When Suicide Conflicts With Japan's Polite Society
Wednesday, May 28, 2008
TOKYO -- Japan's new recipe for killing oneself is being purged from the Internet at police request. Drugstores are pulling ingredients from shelves.
Still, three more young people were found dead over one week earlier this month, part of the latest fad in Japanese suicide -- painless death by stinky detergent fumes. A recent headline in the Weekly Asahi, a respected newsmagazine, noted that "The Remains Turn Green Like Aliens."
About 300 people -- most of them in their 20s and 30s -- have died in Japan in the past year by mixing common cleaning agents and inhaling the resulting hydrogen sulfide. The number has soared this spring, with about 50 deaths in April. The trend's epicenter is central Tokyo, where since January at least 34 young people have taken the fumes.
Suicide by hydrogen sulfide does more than turn bodies green. As the Japanese press has exhaustively explained, it can sicken people nearby.
The colorless gas, which smells like rotten eggs, is heavier than air. When it escapes a room where someone wants to die, it tends not to dissipate. At near-lethal concentrations, it can drift into nearby apartments in this crowded country. When a junior high school girl killed herself in April, more than 100 neighbors were evacuated and 14 were hospitalized.
Culturally, Japan has a high threshold of suicide tolerance.
Ritual self-disembowelment with a sword was an admired way of maintaining one's honor in feudal times and through World War II. Using tidier, less painful techniques, suicide survives as an escape hatch for modern Japanese unwilling to endure shame or failure. The minister of agriculture hanged himself last year before he was due to answer questions about bookkeeping fraud.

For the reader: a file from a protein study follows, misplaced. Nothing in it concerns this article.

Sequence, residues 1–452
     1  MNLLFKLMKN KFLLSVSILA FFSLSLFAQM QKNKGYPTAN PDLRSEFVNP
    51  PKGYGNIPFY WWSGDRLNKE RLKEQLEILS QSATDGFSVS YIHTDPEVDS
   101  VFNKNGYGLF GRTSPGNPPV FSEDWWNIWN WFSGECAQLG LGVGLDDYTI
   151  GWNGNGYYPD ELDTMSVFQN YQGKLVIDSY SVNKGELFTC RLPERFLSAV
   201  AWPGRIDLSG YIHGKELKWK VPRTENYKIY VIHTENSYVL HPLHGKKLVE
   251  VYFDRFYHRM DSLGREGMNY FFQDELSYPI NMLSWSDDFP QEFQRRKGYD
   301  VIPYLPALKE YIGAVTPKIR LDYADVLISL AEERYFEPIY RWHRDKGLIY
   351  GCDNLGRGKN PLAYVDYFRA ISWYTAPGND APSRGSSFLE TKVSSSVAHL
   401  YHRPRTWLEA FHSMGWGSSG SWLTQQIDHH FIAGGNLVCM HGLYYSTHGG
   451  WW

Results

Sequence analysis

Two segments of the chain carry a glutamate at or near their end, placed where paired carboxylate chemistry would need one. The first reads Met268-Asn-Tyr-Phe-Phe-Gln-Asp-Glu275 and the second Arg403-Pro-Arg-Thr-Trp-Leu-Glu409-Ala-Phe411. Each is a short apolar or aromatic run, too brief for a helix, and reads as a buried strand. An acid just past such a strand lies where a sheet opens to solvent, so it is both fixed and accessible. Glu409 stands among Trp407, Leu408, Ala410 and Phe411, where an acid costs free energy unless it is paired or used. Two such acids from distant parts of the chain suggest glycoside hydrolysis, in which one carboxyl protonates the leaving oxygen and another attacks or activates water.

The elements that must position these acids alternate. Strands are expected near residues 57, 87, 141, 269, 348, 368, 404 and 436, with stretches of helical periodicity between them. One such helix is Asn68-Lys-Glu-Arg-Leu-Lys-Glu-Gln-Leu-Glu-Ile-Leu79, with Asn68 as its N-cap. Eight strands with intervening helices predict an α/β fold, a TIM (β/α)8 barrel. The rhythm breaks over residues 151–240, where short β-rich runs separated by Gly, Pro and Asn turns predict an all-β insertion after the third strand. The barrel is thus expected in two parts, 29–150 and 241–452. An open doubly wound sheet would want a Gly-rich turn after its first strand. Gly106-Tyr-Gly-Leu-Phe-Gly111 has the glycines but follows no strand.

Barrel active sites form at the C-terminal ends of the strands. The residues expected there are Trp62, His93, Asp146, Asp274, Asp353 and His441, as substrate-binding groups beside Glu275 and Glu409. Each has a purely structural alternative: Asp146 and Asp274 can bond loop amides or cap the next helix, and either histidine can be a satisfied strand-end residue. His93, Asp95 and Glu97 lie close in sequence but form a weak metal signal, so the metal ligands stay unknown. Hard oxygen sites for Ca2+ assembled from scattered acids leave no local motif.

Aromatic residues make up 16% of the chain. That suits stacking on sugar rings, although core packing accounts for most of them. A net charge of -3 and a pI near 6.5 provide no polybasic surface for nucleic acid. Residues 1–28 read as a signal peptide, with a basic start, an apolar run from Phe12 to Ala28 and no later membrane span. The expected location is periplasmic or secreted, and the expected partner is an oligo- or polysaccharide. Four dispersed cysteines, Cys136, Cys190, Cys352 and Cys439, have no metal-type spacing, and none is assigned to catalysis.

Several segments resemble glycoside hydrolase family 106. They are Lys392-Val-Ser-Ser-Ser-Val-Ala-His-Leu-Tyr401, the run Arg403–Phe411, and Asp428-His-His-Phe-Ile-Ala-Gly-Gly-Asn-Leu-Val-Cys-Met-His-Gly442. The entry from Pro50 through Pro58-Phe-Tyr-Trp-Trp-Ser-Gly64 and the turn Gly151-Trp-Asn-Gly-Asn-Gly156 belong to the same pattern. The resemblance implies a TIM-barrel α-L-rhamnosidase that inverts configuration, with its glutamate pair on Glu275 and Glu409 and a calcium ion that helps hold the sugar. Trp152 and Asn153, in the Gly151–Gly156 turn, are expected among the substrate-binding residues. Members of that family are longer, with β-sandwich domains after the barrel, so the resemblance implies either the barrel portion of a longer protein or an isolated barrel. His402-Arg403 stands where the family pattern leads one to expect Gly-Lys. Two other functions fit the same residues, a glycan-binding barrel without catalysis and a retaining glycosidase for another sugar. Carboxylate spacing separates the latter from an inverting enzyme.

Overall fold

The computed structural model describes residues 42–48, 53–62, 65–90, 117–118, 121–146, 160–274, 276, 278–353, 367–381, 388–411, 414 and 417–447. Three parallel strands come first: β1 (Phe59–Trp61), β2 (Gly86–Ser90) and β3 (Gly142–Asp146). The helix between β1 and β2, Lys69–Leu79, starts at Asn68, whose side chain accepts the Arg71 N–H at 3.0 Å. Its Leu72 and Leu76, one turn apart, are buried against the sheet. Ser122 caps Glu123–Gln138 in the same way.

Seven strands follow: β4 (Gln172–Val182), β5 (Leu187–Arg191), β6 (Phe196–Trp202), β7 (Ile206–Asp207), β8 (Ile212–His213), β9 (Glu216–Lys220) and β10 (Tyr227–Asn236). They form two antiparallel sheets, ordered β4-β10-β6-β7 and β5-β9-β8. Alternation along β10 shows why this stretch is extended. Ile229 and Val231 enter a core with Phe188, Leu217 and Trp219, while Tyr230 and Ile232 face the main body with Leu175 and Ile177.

Unlike Christianity, which proscribes suicide as a sin, major religions here, Buddhism and Shintoism, are neutral on the matter. More than 30,000 Japanese kill themselves annually. Among industrialized democracies, Japan, South Korea, Hungary and Finland are perennial leaders in suicide per capita. Japan's rate is almost double that of the United States.
Death by detergent fumes, however, appears to have exceeded Japanese tolerance levels, primarily because most of the dead are gloomy young people.
They find the recipe online. Then they gather in small groups to mix up a batch and die together in apartments or cars. To head them off, Internet providers have followed police instructions and removed at least 56 references to the recipe recently.
The hydrogen-sulfide fad is part of a persistent trend in Internet-assisted suicide that police in Japan began tracking in 2003.
That's when would-be suicides using anonymous screen names began hooking up online with like-minded strangers. They arranged dates at which they would overdose on sleeping pills. Alternatively, they would pack into a car and kill themselves with carbon monoxide. There were 61 such cases, with 180 deaths, between 2003 and 2005, according to press accounts.
Last summer -- after the agriculture minister hanged himself -- the government allocated $220 million for suicide prevention, including counseling and screening of Web sites.
"We have to create a society that gives people a second chance if they fail," Sanae Takaichi, a cabinet minister, said at the time. The government wants to cut the suicide rate by 20 percent by 2016.
Japan, though, remains a country where bullying in schools and torment at work are commonplace. And since the economic swoon of the 1990s, about 30 percent of all jobs are part time. These low-status jobs depress incomes and, apparently, spirits. About half of those who commit suicide are unemployed.
As a suicide method, hydrogen sulfide has a cultural drawback in Japan. It is impolite to those who are not interested in dying.
Suicide advocates on the Web instructed readers to first put up warning signs. In late April, a 31-year-old man who died in his car of hydrogen sulfide poisoning taped this note to his windshield: "Don't come near -- poisonous gas."